BJP’s 2019 manifesto and other declarations
It is for the first time that climate change has featured in the manifestos of the two biggest national parties of India.
BJP did not only enlist its agenda but also stated what the government did in its previous term to deal with climate change. The party has made a promise of establishing 175 GW of renewable energy capacity and has claimed that it has already achieved 76.87 GW.
The BJP will provide the Himalayan states with ‘Green Bonus’ for forest conservation. It has also promised to work on the 102 most polluted cities in the country.
In the year 2018, GoI made various declarations including plastic ban and control on air pollution. It also entered into two international agreements- the rulebook to implement the Paris Agreement and the Kigali Amendment to the Montreal Protocol which came into effect from January 1, 2019.
Where do we stand?
In 2019 elections, there was a ‘no water, no votes’ campaign in two rural constituencies of Madhya Pradesh and Gujarat.
We have already witnessed climate change impacting vulnerable areas across the country, for example, Kerala floods last year and recent Chennai drought.
Global Assessment Report of the United Nations Office for Disaster Risk Reduction noted that countries like India will probably encounter economic losses if they do not start investing in eco-friendly infrastructures.
2019 WHO list of the 10 most polluted cities in the world includes 7 in India.
The goals in India’s NDCs are threefold:
- Reducing the emission-intensity of its gross domestic product (GDP) by 33%–35% by 2030
- Achieving 40% cumulative electric power installed capacity from non-fossil fuel-based energy resources by 2030
- Creating an additional carbon sink of 2.5–3 billion tonnes of CO2 equivalent by 2030 through additional forest and tree cover
It is impossible for India to meet its target of carbon sequestration and afforestation. India’s sequestration from forests has worsened from 2010-14 levels as seen in Biennial Update Report (BUR), submitted on 31 December 2018 (UNFCCC 2018).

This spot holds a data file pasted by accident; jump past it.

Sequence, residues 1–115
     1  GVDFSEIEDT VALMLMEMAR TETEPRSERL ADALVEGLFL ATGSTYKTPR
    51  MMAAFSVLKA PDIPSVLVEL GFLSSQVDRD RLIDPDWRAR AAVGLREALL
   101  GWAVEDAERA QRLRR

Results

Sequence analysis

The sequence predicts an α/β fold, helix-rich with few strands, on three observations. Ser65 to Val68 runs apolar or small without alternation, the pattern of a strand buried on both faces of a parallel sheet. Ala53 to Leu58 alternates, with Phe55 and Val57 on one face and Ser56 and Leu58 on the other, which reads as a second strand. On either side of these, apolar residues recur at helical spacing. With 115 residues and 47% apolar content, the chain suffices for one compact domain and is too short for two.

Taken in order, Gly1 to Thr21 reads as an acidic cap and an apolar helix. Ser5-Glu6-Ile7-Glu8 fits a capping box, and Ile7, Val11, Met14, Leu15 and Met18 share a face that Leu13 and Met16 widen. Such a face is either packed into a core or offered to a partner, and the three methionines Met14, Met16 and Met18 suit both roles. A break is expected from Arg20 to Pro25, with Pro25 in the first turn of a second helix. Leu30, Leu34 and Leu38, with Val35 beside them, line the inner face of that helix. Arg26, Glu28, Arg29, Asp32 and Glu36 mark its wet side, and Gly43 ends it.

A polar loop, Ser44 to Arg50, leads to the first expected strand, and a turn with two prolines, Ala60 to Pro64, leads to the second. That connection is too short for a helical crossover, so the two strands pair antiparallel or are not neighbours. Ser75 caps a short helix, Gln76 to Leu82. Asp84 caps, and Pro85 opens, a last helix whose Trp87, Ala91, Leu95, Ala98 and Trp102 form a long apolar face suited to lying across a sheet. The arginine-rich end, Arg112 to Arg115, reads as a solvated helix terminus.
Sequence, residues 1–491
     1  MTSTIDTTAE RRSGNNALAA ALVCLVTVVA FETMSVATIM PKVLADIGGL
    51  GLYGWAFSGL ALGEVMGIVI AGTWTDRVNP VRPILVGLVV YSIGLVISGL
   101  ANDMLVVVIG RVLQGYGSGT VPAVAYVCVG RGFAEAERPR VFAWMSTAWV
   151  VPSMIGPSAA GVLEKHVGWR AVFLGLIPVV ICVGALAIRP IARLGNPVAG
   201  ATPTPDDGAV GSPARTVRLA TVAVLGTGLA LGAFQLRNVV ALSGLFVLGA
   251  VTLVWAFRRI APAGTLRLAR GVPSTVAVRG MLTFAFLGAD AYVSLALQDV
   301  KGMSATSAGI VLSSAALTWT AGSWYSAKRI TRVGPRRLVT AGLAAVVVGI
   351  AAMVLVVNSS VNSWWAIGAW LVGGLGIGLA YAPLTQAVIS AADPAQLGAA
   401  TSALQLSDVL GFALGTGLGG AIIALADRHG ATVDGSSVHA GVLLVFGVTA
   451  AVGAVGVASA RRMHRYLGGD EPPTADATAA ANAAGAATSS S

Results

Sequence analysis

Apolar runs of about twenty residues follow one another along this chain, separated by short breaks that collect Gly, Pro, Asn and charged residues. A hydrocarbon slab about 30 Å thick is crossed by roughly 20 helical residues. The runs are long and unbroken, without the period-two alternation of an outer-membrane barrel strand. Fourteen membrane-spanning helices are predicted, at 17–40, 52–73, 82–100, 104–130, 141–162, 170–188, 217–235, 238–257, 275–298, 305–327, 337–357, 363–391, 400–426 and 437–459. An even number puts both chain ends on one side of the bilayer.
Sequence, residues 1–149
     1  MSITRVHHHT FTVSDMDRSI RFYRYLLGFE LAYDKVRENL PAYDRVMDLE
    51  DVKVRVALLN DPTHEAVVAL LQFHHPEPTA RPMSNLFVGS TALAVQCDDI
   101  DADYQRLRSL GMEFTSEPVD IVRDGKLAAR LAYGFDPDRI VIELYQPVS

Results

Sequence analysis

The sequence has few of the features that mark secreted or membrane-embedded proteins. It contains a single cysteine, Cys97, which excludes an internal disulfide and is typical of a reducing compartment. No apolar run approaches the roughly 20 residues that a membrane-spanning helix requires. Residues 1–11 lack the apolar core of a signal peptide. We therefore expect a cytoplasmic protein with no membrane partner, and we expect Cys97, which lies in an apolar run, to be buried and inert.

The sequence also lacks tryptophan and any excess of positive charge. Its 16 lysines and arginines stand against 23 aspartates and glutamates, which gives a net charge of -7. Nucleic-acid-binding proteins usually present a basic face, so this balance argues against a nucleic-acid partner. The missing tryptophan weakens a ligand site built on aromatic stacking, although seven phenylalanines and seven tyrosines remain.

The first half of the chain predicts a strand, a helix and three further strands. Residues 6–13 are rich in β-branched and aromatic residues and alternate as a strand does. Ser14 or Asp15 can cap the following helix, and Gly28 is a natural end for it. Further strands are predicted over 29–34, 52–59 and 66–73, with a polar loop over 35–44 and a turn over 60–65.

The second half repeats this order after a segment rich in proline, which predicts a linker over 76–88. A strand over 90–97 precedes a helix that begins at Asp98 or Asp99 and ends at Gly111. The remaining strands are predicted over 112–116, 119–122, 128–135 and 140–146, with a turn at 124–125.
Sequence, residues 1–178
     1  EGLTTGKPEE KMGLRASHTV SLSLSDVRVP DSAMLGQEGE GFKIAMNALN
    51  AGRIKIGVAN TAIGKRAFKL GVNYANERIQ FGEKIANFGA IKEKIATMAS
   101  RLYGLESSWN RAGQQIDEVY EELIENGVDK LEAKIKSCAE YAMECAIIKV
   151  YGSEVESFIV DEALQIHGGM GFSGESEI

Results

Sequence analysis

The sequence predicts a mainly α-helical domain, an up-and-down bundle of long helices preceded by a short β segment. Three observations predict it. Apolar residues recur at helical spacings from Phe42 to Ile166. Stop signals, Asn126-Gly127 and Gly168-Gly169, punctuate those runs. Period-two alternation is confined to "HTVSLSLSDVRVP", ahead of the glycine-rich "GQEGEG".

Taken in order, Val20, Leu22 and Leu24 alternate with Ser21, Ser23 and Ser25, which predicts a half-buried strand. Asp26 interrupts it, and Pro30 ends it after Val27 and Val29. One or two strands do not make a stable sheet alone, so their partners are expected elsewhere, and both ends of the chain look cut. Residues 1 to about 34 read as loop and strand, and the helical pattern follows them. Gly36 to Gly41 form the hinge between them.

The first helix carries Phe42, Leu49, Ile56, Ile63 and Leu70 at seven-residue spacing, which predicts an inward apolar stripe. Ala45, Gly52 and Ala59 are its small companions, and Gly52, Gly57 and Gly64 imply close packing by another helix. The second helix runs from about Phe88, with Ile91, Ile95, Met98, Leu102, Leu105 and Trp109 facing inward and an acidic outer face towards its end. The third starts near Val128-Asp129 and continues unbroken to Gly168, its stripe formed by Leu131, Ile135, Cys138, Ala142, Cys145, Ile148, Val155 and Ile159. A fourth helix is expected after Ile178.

The technical body of UNFCCC has asked India to define ‘forest’ which has been mentioned in the BUR as it suspects that the definition of “forest cover” used by the Forest Survey of India is exaggeration as the distinction between native forests and man-made plantations is not separated.
India has continued the increase of coal fired power plants along with is carbon emissions.
The steps taken in positive direction
Indian has, evidently, upped its ranking in the Climate Change Performance Index 2019 by 3 places (Behl 2018).
The government has been working on policies regarding renewable energy capacity (to know one of its steps towards renewable energy policy, read Government Has Asked Uber And Ola To Convert 40% Of Their Cars Into Electric By April 2026).
Also, the market factors, for example, falling of renewable energy prices may help India to complete its NDC target of achieving 40% electric power installed capacity from non-fossil fuel based resources.
India can also be expected to achieve its NDCs goal of reducing greenhouse gas emission intensity (Sethi 2018b). The GoI is also planning on taking actions against states who have failed to ban plastics as per national level policy.
What should be done?
- Strengthen Swachh Bharat Mission: It has great potential and has reached corners. It only requires more scientific and legal actions
- Ban single-use plastics
- Implement the National Clear Air Programme: NCAP needs to strengthen legal mandate and support it with adequate financial and institutional resources
- National and State Action Plan on Climate Change: due to the federal nature of the country some states end up neglecting national level polices
- Implement National Action Plan on AMR: currently, antibiotic resistance is emerging as a major health threat and needs serious attention
- Right forest policy and action: The draft National Forest Policy, 2018 (NFP-2018) needs to be revised to focus on technical and core issues.
- Strong pollution control boards
- National River Revitalisation Plan: it is not only Ganga that is polluted (which the GoI has also failed to clean). Other rivers also need attention.
- Reduced use of class I pesticides
India immediately needs an all embracive policy with a vision that is consistent with scientific findings.
Proper definitions of concerned subjects are very crucial to have a fair and clear-cut data for public and government analysis. A well-made policy is the requirement of the hour to save India against a rapidly closing window of climate change.
Image credits: Google Images
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